Title: New Stoicism
Publisher: Princeton University Press
Binding: Soft cover
Book Condition: New
1999. Paperback. Argues that a secular version of the stoic ethical project, based on contemporary cosmology and developmental psychology, provides the basis for a sophisticated form of ethical naturalism, in which virtually all the hard doctrines of the ancient Stoics can be clearly restated and defended. Num Pages: 272 pages, black & white illustrations. BIC Classification: 1QDAG; HPCA; HPCF; HPQ. Category: (P) Professional & Vocational; (U) Tertiary Education (US: College). Dimension: 234 x 157 x 14. Weight in Grams: 336. . . . . . Books ship from the US and Ireland. Bookseller Inventory # V9780691009643
Synopsis: What would stoic ethics be like today if stoicism had survived as a systematic approach to ethical theory, if it had coped successfully with the challenges of modern philosophy and experimental science? "A New Stoicism" proposes an answer to that question, offered from within the stoic tradition but without the metaphysical and psychological assumptions that modern philosophy and science have abandoned. Lawrence Becker argues that a secular version of the stoic ethical project, based on contemporary cosmology and developmental psychology, provides the basis for a sophisticated form of ethical naturalism, in which virtually all the hard doctrines of the ancient Stoics can be clearly restated and defended. Becker argues, in keeping with the ancients, that virtue is one thing, not many; that it, and not happiness, is the proper end of all activity; that it alone is good, all other things being merely rank-ordered relative to each other for the sake of the good; and that virtue is sufficient for happiness. Moreover, he rejects the popular caricature of the stoic as a grave figure, emotionally detached and capable mainly of endurance, resignation, and coping with pain. To the contrary, he holds that while stoic sages are able to endure the extremes of human suffering, they do not have to sacrifice joy to have that ability, and he seeks to turn our attention from the familiar, therapeutic part of stoic moral training to a reconsideration of its theoretical foundations.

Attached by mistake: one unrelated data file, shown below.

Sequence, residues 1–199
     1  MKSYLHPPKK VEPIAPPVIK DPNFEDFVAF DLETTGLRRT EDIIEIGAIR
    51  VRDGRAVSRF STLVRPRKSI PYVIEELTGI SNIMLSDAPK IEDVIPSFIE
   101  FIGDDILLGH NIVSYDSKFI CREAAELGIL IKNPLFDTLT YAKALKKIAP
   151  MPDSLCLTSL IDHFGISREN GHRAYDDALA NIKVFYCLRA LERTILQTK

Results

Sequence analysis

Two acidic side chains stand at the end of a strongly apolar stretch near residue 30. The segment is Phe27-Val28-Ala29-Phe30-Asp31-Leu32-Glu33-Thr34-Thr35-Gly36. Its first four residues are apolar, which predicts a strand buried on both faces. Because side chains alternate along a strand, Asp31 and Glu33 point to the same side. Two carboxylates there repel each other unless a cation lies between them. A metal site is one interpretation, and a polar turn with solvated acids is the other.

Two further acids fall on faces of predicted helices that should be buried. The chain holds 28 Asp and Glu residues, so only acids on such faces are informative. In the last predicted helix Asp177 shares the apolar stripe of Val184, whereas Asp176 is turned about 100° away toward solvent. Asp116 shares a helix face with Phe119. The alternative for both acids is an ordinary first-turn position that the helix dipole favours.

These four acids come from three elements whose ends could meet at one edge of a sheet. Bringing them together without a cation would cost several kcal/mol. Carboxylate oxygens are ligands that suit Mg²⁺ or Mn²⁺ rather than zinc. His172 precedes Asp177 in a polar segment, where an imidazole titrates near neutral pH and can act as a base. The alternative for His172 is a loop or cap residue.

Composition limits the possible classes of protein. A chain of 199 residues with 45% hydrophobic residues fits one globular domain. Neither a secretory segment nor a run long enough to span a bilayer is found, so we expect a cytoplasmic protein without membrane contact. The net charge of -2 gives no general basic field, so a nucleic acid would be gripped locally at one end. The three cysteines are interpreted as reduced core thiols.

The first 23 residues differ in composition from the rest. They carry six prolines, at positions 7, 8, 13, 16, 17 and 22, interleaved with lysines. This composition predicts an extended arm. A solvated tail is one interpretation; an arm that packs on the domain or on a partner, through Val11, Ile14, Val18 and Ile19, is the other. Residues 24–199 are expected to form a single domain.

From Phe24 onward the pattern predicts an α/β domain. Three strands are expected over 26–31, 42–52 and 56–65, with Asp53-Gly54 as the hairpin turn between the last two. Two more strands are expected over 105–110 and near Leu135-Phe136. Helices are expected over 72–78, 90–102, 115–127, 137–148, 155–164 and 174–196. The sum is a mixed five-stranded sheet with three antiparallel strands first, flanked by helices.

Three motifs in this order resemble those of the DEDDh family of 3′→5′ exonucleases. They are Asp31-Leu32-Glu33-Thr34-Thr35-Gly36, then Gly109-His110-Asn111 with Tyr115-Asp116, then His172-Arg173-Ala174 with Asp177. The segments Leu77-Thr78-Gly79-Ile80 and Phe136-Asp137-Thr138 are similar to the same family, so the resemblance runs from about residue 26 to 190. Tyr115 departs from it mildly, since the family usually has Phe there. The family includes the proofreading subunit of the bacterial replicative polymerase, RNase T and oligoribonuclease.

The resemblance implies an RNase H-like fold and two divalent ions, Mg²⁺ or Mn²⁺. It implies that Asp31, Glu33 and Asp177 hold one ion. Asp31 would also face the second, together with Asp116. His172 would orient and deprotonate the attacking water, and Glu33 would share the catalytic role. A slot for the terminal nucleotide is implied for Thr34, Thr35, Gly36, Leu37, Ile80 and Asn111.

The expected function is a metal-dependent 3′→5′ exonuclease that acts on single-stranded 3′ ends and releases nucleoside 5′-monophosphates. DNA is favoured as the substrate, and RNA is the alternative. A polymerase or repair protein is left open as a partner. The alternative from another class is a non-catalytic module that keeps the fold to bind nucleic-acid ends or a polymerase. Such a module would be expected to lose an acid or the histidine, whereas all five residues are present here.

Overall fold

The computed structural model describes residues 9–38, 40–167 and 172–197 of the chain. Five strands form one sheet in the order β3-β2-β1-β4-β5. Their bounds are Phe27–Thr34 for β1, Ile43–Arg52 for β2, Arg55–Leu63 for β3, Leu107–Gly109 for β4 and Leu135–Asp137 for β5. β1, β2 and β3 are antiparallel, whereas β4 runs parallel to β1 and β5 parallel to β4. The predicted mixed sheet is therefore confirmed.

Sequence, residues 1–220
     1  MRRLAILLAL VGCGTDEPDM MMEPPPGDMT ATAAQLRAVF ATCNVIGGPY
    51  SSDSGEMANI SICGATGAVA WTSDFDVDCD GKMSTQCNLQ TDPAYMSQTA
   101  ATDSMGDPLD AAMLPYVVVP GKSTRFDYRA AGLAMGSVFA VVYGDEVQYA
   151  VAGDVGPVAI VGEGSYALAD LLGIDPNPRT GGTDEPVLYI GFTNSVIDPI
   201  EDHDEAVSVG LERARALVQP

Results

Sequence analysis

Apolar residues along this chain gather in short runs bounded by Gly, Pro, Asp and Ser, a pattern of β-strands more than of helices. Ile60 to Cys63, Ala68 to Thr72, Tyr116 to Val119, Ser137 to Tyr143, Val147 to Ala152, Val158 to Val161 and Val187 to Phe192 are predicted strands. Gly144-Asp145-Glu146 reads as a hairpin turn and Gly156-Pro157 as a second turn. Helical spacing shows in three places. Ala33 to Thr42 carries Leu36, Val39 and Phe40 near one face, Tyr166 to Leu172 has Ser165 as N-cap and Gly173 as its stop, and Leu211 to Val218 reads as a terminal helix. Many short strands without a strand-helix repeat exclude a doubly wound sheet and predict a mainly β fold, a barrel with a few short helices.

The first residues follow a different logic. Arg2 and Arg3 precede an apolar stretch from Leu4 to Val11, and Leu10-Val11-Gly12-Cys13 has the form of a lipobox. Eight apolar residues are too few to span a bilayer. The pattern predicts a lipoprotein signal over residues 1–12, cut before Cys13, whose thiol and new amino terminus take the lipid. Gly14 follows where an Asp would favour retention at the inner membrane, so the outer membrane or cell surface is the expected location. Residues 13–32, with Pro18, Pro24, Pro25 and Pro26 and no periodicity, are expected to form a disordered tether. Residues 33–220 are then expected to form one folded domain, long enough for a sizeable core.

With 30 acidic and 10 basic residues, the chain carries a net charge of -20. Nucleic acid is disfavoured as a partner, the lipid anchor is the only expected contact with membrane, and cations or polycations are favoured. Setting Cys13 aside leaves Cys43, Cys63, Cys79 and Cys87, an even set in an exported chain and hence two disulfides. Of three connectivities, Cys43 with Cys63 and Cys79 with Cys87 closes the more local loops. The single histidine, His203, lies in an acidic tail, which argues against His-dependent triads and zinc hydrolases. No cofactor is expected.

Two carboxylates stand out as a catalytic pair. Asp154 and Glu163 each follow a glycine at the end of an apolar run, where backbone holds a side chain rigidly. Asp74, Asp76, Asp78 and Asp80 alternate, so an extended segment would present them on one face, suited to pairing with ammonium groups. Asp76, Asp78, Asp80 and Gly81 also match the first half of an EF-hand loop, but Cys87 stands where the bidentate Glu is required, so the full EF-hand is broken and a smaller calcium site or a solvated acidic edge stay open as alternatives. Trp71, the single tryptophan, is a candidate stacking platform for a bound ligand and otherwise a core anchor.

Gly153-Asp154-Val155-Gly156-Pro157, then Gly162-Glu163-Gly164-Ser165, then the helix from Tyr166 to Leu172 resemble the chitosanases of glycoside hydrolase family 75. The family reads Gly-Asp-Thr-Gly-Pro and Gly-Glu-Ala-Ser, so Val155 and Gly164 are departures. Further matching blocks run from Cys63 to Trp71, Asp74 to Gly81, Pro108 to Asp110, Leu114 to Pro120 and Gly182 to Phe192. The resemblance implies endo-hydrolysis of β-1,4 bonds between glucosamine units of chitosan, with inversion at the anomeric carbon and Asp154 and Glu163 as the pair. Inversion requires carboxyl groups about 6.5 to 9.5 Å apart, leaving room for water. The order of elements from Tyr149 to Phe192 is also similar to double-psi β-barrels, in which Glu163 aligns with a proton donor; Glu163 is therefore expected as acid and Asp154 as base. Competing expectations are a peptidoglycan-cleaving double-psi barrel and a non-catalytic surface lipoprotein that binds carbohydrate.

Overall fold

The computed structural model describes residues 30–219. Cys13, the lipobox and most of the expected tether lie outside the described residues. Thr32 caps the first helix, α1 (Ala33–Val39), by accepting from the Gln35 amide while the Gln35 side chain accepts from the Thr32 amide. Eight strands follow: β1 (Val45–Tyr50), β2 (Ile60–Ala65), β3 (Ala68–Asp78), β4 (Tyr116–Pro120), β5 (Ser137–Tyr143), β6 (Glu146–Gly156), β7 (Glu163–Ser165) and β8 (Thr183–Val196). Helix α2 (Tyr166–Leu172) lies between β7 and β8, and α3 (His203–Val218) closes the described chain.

"From the beginning to the end of this compact but lucid book, Becker skillfully brings to life both the arguments and the intuitive appeal of stoicism.... In its essentials [the new stoicism] is recognizable, with its particularly astringent rational charm enhanced by Becker's focused and self-disciplined argumentation. Zeno, I suspect, would be pleased." --Brad Inwood, Apeiron
"A stimulating discussion of ethics that is free of the jejune or overly technical attitudes characteristic of much current writing on the subject." --Joseph Shea, n.b.: new from The Reader's Catalog
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